For Your Safety & Security

03 Jul 2014 - 29 Aug 2014

New Sculptures: Bugs, Warheads & Vitrines Curated by Peter Fleissig

Eleven Spitalfields is pleased to announce a solo exhibition of sculpture by London-based artist Nick Turvey, curated by Peter Fleissig. This is Turvey’s first exhibition with the gallery, which occupies the two ground floor Georgian paneled rooms of a house originally built by Samuel Worrell in 1720, in the heart of the Fournier Street conservation area in East London.

Continuing Turvey’s use of military metaphor, these latest works treat weaponry as a proxy for the body, scrutinizing the anatomy of power, and revealing connections between the political and more internal or interpersonal forms of conflict. In Wunderkammer style, mixed media pieces occupy floor and wall vitrines lined with period wallpaper, combined with free-standing, cast and painted bronze works. The unease produced by these sinister toys, in which the infantile and domestic turns sexual or violent, may originate in the anxieties of a Cold War childhood, with its repressed fears of confrontation. Yet this witty work also calls attention to how we objectify as ‘other’ those aspects of ourselves we find disturbing. It reminds us that the social contract granting the State a monopoly on violence is equally about allowing its citizens to create a more favourable image of themselves.

Turvey’s multidisciplinary practice encompasses sculpture, design and film-making. He graduated from the Royal College of Art in 2006, after previously studying architecture. Recent exhibitions include solo shows at The Gibberd Gallery, Harlow; The Print Room, London and ASC, London, as well as group shows Interesting Times, Leicester; Surface, Burghley House; Sculptour, Phoenix Gallery, Belgium; and The Fitzwilliam Museum, Cambridge. Large-scale works are permanently installed in London, Harlow, and the Pinsent Masons collection.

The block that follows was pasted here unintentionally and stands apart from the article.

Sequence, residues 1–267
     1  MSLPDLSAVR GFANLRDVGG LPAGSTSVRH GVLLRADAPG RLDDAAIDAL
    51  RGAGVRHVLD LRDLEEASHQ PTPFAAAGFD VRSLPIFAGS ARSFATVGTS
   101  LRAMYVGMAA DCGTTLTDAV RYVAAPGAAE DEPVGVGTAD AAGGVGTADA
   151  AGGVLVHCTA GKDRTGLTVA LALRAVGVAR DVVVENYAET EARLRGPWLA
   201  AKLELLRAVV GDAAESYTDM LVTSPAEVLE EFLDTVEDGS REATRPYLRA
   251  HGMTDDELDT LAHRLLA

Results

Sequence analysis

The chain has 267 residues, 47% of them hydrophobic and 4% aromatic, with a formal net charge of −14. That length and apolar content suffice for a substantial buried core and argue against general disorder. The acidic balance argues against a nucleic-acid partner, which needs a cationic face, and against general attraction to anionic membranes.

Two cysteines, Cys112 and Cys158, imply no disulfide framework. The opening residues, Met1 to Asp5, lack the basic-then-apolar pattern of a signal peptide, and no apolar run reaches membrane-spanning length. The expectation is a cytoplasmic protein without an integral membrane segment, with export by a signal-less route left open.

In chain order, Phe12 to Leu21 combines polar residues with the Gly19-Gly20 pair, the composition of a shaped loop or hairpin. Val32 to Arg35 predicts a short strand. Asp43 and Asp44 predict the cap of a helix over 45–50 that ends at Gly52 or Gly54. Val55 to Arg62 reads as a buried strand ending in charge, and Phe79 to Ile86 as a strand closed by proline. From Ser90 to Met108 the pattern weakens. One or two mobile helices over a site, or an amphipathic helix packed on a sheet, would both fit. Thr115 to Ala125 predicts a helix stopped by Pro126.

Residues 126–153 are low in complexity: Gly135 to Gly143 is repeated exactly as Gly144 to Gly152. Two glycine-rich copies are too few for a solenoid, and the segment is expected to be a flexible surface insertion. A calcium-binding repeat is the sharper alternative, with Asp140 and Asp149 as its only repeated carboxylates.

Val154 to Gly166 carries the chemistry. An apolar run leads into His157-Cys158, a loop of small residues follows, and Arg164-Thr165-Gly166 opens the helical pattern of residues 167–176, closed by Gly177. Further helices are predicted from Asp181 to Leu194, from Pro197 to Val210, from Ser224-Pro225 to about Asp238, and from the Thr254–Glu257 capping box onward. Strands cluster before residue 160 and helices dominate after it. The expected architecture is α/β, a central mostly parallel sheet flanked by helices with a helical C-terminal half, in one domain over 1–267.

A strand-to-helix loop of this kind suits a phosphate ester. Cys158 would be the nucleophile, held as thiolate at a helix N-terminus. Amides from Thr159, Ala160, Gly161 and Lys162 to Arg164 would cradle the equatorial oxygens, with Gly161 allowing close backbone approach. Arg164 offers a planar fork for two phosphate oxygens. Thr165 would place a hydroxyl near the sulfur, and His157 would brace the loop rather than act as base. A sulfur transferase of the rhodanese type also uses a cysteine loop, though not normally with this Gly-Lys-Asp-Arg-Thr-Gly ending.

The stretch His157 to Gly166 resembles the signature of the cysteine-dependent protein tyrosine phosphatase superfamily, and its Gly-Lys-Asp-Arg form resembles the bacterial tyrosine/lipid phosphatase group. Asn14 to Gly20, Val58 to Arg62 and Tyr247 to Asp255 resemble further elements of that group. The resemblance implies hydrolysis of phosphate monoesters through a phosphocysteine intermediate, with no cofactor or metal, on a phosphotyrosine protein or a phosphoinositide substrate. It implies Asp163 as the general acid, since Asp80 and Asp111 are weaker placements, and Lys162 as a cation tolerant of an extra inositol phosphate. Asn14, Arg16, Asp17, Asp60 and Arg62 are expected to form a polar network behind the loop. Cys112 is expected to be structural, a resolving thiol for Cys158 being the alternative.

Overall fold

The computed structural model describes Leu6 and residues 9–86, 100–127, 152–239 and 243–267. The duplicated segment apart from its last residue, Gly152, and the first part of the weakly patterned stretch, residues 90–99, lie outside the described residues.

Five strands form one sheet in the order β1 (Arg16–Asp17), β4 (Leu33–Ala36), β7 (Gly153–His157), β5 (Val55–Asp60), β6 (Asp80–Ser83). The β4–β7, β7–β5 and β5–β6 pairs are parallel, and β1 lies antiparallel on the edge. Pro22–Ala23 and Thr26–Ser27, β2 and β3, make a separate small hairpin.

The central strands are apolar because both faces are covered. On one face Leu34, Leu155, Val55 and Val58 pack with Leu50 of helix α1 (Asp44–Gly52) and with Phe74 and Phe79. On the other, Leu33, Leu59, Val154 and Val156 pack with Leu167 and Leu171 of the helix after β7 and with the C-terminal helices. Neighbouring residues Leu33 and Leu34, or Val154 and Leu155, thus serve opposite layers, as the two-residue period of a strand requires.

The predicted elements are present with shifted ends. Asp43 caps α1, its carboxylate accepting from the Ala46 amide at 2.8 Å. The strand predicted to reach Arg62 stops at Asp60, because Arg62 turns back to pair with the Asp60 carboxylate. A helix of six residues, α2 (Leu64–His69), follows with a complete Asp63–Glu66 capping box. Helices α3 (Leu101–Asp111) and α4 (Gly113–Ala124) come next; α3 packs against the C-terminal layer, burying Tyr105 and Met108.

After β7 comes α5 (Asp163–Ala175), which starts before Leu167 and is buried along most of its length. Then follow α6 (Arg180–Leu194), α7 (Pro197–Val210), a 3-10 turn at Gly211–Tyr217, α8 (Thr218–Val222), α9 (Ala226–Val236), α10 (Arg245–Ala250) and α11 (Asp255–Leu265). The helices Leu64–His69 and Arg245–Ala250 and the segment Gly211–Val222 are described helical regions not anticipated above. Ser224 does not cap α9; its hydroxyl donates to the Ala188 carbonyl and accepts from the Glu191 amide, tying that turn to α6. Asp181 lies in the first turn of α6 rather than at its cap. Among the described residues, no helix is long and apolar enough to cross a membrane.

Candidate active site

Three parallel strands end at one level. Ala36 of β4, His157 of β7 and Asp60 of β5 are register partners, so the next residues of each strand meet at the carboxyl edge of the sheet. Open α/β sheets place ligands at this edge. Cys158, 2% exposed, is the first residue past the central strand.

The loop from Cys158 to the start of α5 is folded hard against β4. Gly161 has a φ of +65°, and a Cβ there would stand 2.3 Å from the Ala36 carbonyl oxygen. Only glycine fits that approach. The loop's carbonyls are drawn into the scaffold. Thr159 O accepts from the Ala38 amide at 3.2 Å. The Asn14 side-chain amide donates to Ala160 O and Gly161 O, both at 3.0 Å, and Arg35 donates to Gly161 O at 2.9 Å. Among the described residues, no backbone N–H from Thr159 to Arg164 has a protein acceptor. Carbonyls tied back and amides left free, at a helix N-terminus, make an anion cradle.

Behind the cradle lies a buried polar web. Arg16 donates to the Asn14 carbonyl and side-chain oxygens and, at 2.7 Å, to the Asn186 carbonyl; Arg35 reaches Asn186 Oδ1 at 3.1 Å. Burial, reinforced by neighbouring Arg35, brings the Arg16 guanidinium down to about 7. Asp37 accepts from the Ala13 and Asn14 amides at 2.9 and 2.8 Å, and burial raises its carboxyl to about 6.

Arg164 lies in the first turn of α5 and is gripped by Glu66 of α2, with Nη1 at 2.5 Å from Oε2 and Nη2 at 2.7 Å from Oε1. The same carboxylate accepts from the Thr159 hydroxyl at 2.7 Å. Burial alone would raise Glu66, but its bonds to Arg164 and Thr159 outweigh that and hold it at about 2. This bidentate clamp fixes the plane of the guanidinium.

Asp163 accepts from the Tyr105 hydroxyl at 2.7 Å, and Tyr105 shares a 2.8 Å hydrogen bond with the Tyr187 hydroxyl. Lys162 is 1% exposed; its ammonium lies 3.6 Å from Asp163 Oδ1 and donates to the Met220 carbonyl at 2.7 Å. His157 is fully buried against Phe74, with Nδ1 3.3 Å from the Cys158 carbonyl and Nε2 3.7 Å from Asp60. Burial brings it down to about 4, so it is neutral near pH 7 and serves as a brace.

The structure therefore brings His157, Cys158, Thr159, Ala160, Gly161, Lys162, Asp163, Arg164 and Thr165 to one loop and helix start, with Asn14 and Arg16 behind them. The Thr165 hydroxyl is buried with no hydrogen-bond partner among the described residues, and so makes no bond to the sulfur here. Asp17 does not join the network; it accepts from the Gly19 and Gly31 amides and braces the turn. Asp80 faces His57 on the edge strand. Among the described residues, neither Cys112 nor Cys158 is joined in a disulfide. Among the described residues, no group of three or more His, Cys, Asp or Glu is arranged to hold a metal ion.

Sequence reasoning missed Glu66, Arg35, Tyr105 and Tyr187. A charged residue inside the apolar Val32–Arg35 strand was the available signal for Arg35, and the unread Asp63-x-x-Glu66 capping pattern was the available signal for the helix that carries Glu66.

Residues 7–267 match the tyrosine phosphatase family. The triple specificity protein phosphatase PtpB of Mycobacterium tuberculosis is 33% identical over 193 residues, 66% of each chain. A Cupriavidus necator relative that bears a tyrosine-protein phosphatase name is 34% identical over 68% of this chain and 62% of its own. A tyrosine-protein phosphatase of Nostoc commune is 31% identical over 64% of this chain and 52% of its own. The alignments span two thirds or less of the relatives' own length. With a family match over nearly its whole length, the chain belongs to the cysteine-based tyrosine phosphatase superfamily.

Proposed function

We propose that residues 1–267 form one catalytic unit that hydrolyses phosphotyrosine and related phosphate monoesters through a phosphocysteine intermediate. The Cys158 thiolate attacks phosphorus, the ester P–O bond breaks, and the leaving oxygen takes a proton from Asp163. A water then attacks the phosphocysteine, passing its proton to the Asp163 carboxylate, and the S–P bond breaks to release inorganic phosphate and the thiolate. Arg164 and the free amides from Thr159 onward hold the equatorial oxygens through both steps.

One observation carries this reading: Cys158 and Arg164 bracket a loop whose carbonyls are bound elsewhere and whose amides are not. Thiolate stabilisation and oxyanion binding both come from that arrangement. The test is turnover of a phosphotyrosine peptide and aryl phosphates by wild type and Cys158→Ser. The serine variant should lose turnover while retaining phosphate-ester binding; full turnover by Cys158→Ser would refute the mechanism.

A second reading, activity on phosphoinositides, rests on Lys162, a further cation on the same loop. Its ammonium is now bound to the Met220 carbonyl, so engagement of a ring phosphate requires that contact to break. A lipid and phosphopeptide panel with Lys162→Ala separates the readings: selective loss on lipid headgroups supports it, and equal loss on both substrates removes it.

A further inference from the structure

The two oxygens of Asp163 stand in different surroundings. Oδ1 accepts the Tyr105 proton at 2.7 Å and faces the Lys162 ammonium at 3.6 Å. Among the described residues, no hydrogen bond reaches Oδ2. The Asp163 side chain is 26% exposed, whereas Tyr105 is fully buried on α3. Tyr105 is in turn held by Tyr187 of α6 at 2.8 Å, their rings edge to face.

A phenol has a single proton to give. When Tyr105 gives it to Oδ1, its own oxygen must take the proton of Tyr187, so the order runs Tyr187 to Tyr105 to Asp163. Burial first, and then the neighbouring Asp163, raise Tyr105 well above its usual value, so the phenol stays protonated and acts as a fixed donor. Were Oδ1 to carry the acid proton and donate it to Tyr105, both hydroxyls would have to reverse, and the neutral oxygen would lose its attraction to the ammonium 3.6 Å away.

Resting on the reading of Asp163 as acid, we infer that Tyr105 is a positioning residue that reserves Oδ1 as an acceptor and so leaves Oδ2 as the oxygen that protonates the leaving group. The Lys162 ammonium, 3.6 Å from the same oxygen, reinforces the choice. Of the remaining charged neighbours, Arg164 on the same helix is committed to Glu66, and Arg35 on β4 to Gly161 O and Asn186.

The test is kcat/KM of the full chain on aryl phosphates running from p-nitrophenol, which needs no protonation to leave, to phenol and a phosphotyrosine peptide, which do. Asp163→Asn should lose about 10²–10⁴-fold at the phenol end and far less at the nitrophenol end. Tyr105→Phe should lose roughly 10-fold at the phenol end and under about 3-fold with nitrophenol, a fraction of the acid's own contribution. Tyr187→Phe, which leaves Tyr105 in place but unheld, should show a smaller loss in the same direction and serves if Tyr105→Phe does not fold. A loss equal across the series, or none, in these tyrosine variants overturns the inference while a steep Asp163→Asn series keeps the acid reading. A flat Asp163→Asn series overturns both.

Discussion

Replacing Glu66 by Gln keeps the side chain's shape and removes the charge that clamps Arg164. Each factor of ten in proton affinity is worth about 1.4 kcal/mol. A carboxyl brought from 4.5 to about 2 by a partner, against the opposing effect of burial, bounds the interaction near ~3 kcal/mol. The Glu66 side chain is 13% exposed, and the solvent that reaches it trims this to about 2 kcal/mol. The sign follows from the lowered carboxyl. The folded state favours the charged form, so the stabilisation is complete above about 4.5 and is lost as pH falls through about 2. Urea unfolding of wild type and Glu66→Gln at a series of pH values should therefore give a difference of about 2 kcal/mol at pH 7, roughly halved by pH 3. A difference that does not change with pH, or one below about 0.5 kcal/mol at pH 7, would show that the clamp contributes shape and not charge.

More information available on Nick Turvey's website, please click here to view




PF - Cowboys and Indians. Mummy and Daddy. What do you remember of your childhood as a first experience of art?

NT - Probably Heureka by Jean Tinguely at Expo 1964 in Lausanne, a creaking towering great mushroom cloud of metal. I was 5.


PF - Did you have wallpaper in your room?

NT - Yes. It was a cowboys and indians wallpaper, later replaced by Thunderbird.


PF - Mushroom clouds and Thunderbirds - Why didn't you join the UN or Swiss Army to protect and obey?

NT - I never was very good at joining in, perhaps as a result of the fetish for team games at school, with the captains picking their teams, and me always getting picked last, perhaps something to do with the football match where I worked out that I got to kick the ball more often if I stood still in the middle of the pitch rather than chasing it around. I wish I could have joined the Swiss army tho. One of the best things I did last summer was visiting Festung Furigen, a decommissioned Swiss army base carved into a cliff near Lucerne, with all the weapons, cutlery, gas filters, giant doors etc intact. It made me realise how ineffectual the general run of US survivalist fantasies are.


PF - Where do you get your creative juice in London?

NT - I've developed a taste for big narrative historical paintings, so I like dropping in to the National to look at a couple of things. The Science Museum has sparked more than a few ideas. I tend to think quite well while swimming.


PF -  Nick Turvey is an artist interested in the pattern and structure of the natural world, with a background in architecture and film making. True or false?

NT - I am still interested in the pattern and structure of the natural world, but not so much as an artist. Architecture and film are more part of my artist tool kit, in terms of thinking of object as experience, and of interior space as a proxy for mental space. I think the key word for me now is existential, trying to articulate the humour, absurdity and pain of being a mind in a body, trying to communicate with others in a similar predicament. Philip Guston is a name I forgot to mention.